Tests of Queenstown Bay lake water have come back within safe levels, but no real cause, or solution, has been found to ongoing questions over water quality in Lake Wakatipu.
Warning signs erected yesterday have been removed and the lake is now open again for recreational use.
The QLDC's Chief Engineer, Ulrich Glasner, has provided Crux with recent ORC data showing spikes in E. coli readings, followed by relatively clear readings. However the data suggests that the high levels of E. coli in Queenstown Bay may have been present from at least January 3rd through to January 6th - one of the busiest times of the year for lake swimming.
ORC lake readings provided by QLDC show E. coli spikes in December and January in Queenstown Bay with high readings on Frankton beach in early January.
To help understand the data, here is the key showing safe, medium and high E. coli levels fro both Freshwater and marine water.
Key showing the various levels of E. coli considered safe in both fresh and sea water.
The data suggests that sudden E. Coli spikes at both Frankton Beach and Queenstown Bay may be expected in the future, at least until more is discovered about the cause of the contamination.
Mr Glasner explained that the QLDC was approached by the ORC on Wednesday December 19th after a high reading was recorded in Queenstown Bay on December 17th. QLDC then immediately re-sampled the Queenstown Bay water and received results on December 20th showing low levels of E. coli (7 & 10 CFU/100mL).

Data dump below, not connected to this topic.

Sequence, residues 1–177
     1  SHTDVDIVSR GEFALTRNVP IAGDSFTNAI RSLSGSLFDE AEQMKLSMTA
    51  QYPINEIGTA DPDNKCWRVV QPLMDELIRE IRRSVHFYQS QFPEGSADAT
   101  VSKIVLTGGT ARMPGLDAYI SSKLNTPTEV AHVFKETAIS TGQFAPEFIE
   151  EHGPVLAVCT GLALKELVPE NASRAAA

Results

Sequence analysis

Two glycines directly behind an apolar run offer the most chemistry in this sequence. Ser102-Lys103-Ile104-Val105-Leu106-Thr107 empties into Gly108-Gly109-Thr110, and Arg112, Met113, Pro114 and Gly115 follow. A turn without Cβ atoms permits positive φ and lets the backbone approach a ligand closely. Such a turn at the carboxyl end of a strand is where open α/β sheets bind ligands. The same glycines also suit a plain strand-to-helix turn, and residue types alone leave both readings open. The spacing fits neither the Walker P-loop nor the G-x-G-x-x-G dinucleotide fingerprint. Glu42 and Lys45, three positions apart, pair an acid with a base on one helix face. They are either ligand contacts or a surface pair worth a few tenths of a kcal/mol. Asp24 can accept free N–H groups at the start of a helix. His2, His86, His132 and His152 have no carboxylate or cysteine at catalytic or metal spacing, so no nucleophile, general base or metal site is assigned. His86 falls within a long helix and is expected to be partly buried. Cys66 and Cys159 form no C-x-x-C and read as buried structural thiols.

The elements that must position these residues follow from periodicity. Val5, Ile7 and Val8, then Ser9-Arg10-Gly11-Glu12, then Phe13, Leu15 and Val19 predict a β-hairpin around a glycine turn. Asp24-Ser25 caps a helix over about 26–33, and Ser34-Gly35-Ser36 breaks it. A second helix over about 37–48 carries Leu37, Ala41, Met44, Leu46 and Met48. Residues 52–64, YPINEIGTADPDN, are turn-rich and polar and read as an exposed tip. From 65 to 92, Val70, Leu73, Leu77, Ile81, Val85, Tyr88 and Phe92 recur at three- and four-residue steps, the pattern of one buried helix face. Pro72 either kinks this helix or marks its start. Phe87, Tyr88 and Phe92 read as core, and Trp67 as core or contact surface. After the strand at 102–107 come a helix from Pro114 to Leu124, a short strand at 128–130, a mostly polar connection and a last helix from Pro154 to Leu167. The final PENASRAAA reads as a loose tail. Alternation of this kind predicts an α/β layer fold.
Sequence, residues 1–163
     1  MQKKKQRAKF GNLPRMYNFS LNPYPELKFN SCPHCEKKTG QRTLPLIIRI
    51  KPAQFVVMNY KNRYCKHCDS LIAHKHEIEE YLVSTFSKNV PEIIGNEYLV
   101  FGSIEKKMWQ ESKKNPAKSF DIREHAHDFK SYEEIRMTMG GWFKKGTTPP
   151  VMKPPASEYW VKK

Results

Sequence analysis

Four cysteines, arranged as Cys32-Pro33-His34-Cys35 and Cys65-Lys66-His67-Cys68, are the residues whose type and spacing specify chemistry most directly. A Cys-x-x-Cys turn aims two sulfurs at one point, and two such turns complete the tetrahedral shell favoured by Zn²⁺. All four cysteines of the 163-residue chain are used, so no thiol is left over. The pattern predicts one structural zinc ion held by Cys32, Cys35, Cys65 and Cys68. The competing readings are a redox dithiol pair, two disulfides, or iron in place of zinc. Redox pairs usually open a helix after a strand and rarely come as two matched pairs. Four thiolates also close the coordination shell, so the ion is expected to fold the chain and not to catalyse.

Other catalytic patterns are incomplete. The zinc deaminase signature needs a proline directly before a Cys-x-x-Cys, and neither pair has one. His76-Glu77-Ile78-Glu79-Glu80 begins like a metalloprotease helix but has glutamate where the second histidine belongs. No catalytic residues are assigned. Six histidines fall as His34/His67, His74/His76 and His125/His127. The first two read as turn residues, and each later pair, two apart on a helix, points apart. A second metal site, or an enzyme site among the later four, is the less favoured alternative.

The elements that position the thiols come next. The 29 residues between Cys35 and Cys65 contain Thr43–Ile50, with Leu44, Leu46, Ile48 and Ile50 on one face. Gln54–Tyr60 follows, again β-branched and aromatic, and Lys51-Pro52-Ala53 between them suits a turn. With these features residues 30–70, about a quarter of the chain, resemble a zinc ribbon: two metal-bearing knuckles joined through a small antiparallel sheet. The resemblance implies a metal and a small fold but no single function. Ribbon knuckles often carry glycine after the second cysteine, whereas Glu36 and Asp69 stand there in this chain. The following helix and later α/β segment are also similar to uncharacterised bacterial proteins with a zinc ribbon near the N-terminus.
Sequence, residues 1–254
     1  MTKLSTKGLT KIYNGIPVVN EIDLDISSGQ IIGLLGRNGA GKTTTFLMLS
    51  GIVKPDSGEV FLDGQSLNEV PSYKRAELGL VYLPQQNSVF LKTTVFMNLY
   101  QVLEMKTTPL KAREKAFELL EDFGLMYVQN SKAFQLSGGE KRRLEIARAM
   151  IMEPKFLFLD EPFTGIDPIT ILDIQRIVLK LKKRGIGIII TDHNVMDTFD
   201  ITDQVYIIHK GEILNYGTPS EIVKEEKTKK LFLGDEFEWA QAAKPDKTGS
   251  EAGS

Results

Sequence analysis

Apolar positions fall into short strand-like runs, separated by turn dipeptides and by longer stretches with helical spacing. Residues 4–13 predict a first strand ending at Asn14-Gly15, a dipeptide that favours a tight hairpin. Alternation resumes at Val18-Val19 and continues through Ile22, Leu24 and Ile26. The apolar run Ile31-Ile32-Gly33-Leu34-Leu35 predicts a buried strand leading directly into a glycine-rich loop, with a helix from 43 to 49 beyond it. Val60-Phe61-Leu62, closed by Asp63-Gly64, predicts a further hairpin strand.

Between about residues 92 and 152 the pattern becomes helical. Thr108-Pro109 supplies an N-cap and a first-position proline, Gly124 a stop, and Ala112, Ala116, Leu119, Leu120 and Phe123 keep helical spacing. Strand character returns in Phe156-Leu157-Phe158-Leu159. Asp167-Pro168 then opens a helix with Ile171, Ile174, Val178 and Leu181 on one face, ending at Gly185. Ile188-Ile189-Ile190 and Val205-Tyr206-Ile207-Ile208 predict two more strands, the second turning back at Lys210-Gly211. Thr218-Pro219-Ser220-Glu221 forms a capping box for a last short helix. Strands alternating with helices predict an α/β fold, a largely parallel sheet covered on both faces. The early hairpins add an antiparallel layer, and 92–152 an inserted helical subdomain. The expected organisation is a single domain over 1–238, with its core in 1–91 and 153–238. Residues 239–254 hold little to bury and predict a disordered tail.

Warning signs erected yesterday have been removed the and the lake is now open again for recreational use.
Crux writer Poppie Johnson recently wrote a feature story for Newsroom exploring the background to pollution in our main Southern Lakes. Crux writer Andrew Waterworth wrote this piece in September highlighting some of the reasons behind our water quality issues and some of the remedial actions that could be put into force.
An example of negative social media comment on the lake closure yesterday. Source - TripAdvisor
The quality of our lake water is closely linked to our reputation as a clean, pure tourist destination, with the ORC having come in for criticism over recent years for not doing enough to understand and safeguard our rivers and lakes.
Clean swimming water in Queenstown Bay has been an assumption behind much marketing and promotional activity. This image, and the feature image above, is from Destination Queenstown.
Even though Frankton Beach was given the all clear in late 2018, it was noticeable over the past few weeks that many locals are avoiding the area and swimming instead at Kelvin Heights where there have so far been no water quality scares.
A number of studies are currently underway in an attempt to understand the cause of poor water quality in the district.